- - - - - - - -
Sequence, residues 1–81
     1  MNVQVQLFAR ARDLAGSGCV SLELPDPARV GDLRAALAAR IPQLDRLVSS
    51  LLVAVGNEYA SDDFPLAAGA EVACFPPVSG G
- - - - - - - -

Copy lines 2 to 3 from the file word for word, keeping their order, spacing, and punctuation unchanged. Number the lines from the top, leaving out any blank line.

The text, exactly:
     1  MNVQVQLFAR ARDLAGSGCV SLELPDPARV GDLRAALAAR IPQLDRLVSS
    51  LLVAVGNEYA SDDFPLAAGA EVACFPPVSG G